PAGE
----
Monday, April 02, 2012

Fishing

(Author's note: I apologize for having to share this, but it's the healthiest thing for me to do. I'm sorry you have to read it, and I'm sorrier I had to be there, but that's all eclipsed by how I feel for the family in this story.)

* * * *

And King David was much moved, and went up to the upper chamber of the gate, and wept; and as he went, he cried, "O my son Absalom, my son, my son Absalom! Would God I had died in thy stead, O Absalom, my son, my son!"

2 Samuel 18:33

* * * *

It sounds like an old folk tale. It is not.

Far, far away from anything, up in the mountains, is a high lake, ice-cold and terribly beautiful, surrounded by steep hills, and full of trout. A great place to go fishing. Two brothers sat on the lake, in a tiny boat, while their father watched from shore. And something happened – one stood up too quickly, or the other shifted his weight – and the boat went over. Flipped them both into the water.

* * * *

We're seventy miles away when the call goes out, a long set of whistle tones, eight or ten pairs, followed by the dispatcher announcing a water rescue at a remote lake in the other end of our district. The fire department goes and the sheriff's deputies go and the closest city ambulance goes and our rescue ambulance goes. Screaming down the mountain, around the curves, listening to the chatter as everyone goes enroute and dispatch gives us updates.

"You know," I say, quietly, almost contemplatively, to my partner, as we rip past a semi, "by the time we get there – by the time anyone gets there – it will all be over."

"Yeah," he says. He's junior to me, but definitely has more water experience. Worked River Rescue in the summers before he got on the car. I jokingly call him our rescue swimmer sometimes, like we're a Coast Guard helo or something.

Now he looks out the window, into the growing dark. "Yeah."

* * * *

They swam for shore, as their father watched, urging them on, running for a rope and a life jacket, swimming out himself to meet his older son halfway across. It was maybe a hundred yards to shore.

* * * *

Dispatch updates us that a civillian truck is bringing one patient down to the ranger station. Hypothermic. One other still unaccounted for. The first ambulance says they'll meet up with the truck and take care of the patient. Everyone else – boats and cops and firemen and us – continues for the lake, up gravel roads, single lane, hairpin turns.

We get there a few minutes after the fire rescue boat. They're zipping up drysuits and getting their little zodiac put in the water. We talk to the deputy who's in charge, get the story. The second patient – the younger son – was last seen fifty feet from the boat. Well over two hours ago.

We can see the boat, half-submerged, out in the lake. The water is calm and the whole scene is eerily lit by floodlights and headlights, criss-crossing in the dark.

The deputy indicates a small SUV with a toss of his head, a forest ranger's first-response vehicle. I can just make out someone sitting in the passenger seat.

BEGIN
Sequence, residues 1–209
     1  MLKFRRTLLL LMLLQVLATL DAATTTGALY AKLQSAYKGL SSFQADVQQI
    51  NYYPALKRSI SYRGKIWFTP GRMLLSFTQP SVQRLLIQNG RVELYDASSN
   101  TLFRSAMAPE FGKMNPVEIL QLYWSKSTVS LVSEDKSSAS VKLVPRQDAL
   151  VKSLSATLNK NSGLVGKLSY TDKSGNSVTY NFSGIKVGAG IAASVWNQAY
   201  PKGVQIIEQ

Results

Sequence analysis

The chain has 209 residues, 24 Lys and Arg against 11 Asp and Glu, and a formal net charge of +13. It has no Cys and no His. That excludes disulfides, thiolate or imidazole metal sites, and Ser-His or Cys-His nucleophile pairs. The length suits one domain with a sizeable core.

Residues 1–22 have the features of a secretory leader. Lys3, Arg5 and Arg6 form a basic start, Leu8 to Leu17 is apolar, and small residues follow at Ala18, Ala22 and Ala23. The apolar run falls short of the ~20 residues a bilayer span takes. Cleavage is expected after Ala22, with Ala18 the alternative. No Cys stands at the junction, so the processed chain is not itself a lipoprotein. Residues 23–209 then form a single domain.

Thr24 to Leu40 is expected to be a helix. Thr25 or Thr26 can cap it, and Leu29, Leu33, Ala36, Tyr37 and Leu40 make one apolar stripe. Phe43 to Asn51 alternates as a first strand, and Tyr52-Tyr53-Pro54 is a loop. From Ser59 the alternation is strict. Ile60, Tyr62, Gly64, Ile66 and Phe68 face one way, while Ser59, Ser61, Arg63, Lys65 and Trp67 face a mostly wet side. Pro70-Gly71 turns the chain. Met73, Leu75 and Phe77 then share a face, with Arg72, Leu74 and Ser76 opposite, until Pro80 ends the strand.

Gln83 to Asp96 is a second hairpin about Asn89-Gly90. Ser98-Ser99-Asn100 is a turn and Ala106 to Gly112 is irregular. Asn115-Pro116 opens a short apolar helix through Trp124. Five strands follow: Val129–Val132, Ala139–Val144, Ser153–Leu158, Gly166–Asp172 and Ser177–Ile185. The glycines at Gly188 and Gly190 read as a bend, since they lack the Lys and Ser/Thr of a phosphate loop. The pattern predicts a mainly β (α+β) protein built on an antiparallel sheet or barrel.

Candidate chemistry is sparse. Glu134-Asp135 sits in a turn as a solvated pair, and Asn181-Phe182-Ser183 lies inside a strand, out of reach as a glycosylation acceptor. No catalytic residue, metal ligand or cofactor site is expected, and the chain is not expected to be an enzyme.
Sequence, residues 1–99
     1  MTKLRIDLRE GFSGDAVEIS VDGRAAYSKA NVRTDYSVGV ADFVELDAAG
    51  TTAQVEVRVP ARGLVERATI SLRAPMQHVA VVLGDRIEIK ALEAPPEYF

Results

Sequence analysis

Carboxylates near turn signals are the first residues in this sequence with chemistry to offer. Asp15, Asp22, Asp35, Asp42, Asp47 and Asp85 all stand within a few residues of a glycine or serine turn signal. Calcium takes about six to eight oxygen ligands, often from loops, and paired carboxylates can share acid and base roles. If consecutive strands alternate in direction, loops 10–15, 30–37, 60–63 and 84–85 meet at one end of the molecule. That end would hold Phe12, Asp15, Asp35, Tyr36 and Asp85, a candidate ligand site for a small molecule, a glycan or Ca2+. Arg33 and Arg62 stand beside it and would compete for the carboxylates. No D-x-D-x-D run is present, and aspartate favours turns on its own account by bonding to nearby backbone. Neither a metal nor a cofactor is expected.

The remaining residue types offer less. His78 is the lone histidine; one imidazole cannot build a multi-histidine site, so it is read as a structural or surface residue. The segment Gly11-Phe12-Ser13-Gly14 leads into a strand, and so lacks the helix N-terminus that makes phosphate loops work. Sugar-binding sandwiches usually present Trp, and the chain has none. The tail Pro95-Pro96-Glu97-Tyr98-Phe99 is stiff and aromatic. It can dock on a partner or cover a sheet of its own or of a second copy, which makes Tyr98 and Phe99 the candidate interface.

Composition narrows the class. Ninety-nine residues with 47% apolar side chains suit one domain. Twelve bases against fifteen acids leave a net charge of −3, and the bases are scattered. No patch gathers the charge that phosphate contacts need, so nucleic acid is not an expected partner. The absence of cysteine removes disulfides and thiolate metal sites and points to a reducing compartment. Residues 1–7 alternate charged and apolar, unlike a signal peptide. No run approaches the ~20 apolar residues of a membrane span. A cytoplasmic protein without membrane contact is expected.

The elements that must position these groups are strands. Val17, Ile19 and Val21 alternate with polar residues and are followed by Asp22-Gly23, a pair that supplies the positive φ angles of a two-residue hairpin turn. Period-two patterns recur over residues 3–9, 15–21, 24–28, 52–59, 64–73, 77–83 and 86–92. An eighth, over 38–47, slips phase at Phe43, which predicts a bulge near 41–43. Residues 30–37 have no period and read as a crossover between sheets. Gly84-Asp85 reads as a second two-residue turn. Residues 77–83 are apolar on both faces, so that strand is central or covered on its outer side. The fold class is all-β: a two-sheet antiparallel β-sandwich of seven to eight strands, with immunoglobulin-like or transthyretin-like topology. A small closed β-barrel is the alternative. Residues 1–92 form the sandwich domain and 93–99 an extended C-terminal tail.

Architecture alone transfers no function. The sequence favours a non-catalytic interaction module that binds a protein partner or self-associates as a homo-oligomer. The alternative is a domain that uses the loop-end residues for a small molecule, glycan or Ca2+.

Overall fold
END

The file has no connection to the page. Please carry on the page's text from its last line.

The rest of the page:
"Dad's still here. Just so you know."

* * * *

For a mercy, it doesn't take the firemen long to find him, in the clear water. We bring the ambulance gurney down to the water, so they don't have to put him on the ground with his father watching.

My daughter at home is barely a month old, and suddenly I can put myself in this man's shoes, and realize that there is no cutoff for when a parent can stop being afraid for their child. No magic age when they're safe.

And – though I am not a Christian, by any stretch of the imagination – I am reminded of the story of David and Absalom, and the heart-wrenching description of the king crying over his son.

This is far, far worse.

* * * *

8 comments:

Birdy said...

Congratulations on your baby daughter. I've been reading you for a long time, and I am expecting my first baby any day now. I love the stories you tell, even the difficult ones. I'm glad there are people like you in our ambulances, responding to our patients.

gwalter said...

Very well articulated.

My partner and I had a similar conversation when you were dispatched to that call. Of course I didn't know the particulars until I heard them later - knowing they were brothers, knowing he Dad was there, and hearing about his reaction - I too was heartbroken.

Yes, you develop those emotions when you're a Dad - but the older your kids get, the more you bond with them, the more you ache at the thought of losing them.

Thanks for sharing!

Nurse and Hospital Stories said...

Ah, I don't want to be in the father's position nor on David crying over Absalom. Very sad story, and very descriptive and tragic narrative. Hope the father will be alright soon.

Thanks,
Peny@uniform medical

penguinshrink said...

You have a gift for writing, my friend, as tragic as this story is. I worry about the brother's survivor guilt, too...

Les @ LPN Programs said...

As parents, we can only hope not to get into situations like this. Tough times for that family. Praying for them.

PS
Congratulations on your newborn, too.

Larry Fox said...

As a father of two, boy 24 and girl 21, this really hits home. Glad my two are healthy and safe, so far.

Andy said...

An awful lot changed when my daughter was born 4 years ago. Books, movies, the news, overheard conversations - if any of them carry a mention of the loss of a child, I am too moved to stand it.

I have a one year-old son, now, to round out the brood, and I can only say that I hope nobody is ever telling this story about me.

Nicely done, and crushing.

Nessa said...

In all of my singing experience, one of the most moving and difficult pieces I've ever had the honor of performing was Eric Whitacre's "When David Heard." It so intensely covers every emotion I can imagine a parent would go through if they lost a child. This is a beautiful performance of this incredible song by BYU: http://www.youtube.com/watch?v=G2ZKKXCuaYc